Molecular similarity methods can be broadly classified into two-dimensional (2-D) and three-dimensional (3-D) similarity methods. Typically, 2-D similarity methods use so-called molecular fingerprints, which encode structural information of a molecule into a binary string (that is, a string of 0’s and 1’s). The position of each number in this string corresponds to a particular fragment. If the molecule has a particular fragment, the corresponding bit position is set to 1, and otherwise to 0. Note that there are many different ways to design molecular fingerprints, depending on what fragments are included in the fingerprint definition. PubChem uses its own fingerprint called PubChem subgraph fingerprints.
In 2-D similarity methods, structural similarity between two molecules is estimated by comparing their molecular fingerprints. Their similarity is quantified as a so-called similarity score or similarity coefficient. While several different methods can be used for computation of a similarity score, the underlying ideas are the same as each other: if the two fingerprints have 1’s at the same position, it means that both compounds have the same fragment, and if the molecules share more common fragments, they are considered to be more similar. In conjunction with the PubChem subgraph fingerprints, PubChem 2-D similarity method use the Tanimoto coefficient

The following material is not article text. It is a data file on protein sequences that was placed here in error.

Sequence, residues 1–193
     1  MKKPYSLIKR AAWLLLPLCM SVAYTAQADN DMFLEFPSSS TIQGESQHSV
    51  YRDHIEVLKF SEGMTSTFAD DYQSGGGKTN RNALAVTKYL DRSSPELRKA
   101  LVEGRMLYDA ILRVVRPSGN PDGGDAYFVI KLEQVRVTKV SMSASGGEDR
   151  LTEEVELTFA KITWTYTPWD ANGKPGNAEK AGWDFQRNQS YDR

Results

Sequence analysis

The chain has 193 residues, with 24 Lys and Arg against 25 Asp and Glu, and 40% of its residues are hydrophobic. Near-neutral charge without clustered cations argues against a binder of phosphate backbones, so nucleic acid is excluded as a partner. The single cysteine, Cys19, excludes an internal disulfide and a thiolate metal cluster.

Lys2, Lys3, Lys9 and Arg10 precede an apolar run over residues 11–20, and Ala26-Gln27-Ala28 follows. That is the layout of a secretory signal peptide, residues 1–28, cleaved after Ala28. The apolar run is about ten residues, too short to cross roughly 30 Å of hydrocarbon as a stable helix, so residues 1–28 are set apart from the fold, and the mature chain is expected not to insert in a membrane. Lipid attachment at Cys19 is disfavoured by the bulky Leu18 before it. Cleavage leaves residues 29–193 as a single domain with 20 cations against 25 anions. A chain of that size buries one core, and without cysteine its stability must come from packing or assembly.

where NA and NB are the number of bits set in the fingerprints for molecules A and B, respectively, and NAB is the number of bits set in both fingerprints. The Tanimoto score ranges from 0 (for no similarity) to 1 (for identical molecules). 2-D Similarity search returns molecules whose similarity scores with the query molecule are greater than or equal to a given Tanimoto cut-off value.